One of the problems is that when the founders arranged freedom of the press, it was a really vile press -- lying, vituperative. On the other hand, they were not all on the same side. Every faction had its press. And now the press has a monolithic quality to its opinions that I think is troublesome in a way the old press was not. All the same, I don't know what to do about that because if you start censoring for bias, you're probably in a much worse situation than you are putting up with the bias.
-- Judge Robert Bork, former circuit judge for District of Columbia Court of Appeals; John M. Olin Scholar in Legal Studies, American Enterprise Institute
The recognition of crucial public roles to be performed by the press and the responsibilities that evolved from this understanding had been developing in the minds of serious editors and publishers for many years. Self-awareness grew in part because of the rapidly rising industrial prosperity following World War I, but more urgently because of the depression in the early 1930s, the demagogic voices of fascism rumbling out of Europe, and the first signals of Japanese expansionism in the Far East. The news weeklies, picture magazines, wire services, and radio were coalescing into a mass communications ethos that was not yet prepared for television. News reached the marketplace of ideas primarily in the form of printed words. Despite the absence of the instantaneous "real time" coverage that the networks and CNN would bring to the world in the latter part of the century, the influence of mass communications was already being blamed for immorality, election results, violent crime, and political corruption.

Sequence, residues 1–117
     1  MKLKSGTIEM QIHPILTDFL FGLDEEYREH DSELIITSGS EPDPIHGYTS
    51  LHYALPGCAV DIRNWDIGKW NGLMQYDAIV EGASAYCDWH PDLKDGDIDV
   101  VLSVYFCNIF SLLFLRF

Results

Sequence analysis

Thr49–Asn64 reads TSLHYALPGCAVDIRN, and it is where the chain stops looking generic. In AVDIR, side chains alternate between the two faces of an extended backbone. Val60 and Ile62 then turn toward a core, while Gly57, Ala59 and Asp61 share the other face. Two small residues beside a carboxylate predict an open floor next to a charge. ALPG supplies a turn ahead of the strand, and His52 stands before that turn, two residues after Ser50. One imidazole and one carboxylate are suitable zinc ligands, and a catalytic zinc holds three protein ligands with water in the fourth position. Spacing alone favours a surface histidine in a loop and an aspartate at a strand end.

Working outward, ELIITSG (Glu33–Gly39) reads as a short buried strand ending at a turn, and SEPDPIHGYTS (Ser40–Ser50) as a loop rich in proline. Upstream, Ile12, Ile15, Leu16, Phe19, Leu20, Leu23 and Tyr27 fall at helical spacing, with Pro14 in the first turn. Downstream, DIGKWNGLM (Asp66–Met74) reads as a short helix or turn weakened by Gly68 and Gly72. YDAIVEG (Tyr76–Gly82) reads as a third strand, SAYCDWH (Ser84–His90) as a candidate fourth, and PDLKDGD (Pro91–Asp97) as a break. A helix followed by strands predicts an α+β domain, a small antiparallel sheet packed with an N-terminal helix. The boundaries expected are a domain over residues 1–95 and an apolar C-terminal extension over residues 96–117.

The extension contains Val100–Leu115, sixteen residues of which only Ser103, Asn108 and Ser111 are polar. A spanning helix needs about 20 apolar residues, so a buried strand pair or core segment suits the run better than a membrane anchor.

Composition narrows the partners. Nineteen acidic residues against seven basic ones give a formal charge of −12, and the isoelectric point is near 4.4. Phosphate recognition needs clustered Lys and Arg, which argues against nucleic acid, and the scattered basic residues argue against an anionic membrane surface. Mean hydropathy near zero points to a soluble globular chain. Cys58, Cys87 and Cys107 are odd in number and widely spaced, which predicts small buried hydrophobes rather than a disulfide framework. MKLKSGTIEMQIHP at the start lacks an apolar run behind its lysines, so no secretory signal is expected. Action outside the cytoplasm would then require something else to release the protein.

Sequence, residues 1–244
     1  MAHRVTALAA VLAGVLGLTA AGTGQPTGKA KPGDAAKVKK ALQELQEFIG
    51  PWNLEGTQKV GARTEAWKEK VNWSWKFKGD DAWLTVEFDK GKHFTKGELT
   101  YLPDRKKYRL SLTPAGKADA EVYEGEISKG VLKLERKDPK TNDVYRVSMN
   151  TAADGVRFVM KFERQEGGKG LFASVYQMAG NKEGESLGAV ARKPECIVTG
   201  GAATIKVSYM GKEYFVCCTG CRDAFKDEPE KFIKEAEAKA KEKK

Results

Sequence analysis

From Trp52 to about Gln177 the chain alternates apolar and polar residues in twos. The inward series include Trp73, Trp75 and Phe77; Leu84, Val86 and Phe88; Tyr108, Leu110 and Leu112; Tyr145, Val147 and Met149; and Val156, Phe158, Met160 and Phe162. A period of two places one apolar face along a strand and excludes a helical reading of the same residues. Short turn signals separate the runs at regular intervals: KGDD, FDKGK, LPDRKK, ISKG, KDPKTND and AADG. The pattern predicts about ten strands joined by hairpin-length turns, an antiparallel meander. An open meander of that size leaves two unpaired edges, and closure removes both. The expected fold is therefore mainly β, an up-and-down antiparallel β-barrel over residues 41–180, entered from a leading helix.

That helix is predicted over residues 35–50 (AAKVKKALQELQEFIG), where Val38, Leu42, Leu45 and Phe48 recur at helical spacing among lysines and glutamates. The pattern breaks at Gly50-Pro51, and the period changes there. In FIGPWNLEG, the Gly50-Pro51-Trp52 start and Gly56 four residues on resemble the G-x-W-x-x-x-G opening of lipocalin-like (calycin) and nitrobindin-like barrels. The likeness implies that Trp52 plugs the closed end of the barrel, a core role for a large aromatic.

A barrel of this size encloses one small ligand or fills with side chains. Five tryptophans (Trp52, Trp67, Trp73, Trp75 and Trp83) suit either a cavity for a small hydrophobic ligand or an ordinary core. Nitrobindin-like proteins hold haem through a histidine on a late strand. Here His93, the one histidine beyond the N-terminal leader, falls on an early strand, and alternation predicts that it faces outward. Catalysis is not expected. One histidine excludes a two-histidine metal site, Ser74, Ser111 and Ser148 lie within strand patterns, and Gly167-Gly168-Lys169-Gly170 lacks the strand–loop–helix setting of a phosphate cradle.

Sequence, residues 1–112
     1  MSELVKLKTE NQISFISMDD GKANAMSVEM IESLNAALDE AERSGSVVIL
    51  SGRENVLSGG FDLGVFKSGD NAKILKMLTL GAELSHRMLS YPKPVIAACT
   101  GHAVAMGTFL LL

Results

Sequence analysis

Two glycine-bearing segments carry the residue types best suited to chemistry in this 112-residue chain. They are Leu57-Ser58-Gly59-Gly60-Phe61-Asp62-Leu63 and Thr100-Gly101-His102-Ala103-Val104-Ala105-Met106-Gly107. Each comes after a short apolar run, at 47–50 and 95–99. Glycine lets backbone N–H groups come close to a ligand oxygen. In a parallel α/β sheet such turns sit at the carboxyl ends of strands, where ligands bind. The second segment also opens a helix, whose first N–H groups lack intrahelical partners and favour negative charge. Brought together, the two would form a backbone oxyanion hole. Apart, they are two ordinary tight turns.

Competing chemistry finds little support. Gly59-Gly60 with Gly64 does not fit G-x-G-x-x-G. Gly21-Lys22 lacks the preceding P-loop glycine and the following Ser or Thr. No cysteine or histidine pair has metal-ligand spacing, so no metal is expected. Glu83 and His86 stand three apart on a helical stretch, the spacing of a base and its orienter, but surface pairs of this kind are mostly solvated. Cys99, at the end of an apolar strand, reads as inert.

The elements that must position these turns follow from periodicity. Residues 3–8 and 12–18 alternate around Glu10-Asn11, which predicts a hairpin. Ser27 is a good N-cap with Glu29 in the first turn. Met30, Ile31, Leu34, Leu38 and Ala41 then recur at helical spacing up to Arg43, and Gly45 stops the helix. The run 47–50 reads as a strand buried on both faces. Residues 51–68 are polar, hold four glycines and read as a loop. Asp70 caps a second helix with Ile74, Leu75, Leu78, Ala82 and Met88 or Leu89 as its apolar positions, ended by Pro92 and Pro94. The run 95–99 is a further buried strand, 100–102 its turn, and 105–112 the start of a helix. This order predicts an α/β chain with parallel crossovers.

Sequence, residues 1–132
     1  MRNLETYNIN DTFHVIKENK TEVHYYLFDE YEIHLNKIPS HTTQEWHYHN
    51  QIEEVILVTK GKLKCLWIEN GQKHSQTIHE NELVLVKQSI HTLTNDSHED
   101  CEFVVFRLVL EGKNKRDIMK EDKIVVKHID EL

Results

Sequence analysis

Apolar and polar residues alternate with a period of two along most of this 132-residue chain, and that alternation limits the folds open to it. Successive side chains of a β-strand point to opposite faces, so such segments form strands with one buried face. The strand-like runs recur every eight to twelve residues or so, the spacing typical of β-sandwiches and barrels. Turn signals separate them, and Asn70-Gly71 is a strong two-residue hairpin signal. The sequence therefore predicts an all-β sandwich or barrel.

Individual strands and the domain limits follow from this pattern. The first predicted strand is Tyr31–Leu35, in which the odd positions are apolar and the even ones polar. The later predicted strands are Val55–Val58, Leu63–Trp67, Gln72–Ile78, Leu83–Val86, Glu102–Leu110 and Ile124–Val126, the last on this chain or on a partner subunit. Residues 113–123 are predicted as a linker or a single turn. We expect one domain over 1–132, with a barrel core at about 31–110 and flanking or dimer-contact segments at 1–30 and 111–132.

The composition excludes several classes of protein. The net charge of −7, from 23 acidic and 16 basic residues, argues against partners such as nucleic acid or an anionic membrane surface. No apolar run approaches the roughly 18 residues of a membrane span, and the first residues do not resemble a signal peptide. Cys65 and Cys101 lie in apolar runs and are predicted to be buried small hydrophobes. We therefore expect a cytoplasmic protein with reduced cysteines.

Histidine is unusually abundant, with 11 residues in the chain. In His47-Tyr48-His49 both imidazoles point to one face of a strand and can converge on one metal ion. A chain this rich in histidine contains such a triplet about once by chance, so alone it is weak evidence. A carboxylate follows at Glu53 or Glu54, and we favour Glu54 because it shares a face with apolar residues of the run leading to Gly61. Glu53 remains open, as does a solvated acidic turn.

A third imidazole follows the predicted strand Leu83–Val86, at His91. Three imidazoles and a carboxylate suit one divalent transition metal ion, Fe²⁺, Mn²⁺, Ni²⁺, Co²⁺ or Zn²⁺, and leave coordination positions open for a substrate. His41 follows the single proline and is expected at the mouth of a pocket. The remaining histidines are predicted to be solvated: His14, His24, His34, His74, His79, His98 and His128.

It is said that when Tallyrand was told that the Russian ambassador to Paris had died, the renowned French diplomat mused, "I wonder what his motive could have been?"1 Politicians have long wondered in the same skeptical fashion about the media wherever it has been independent and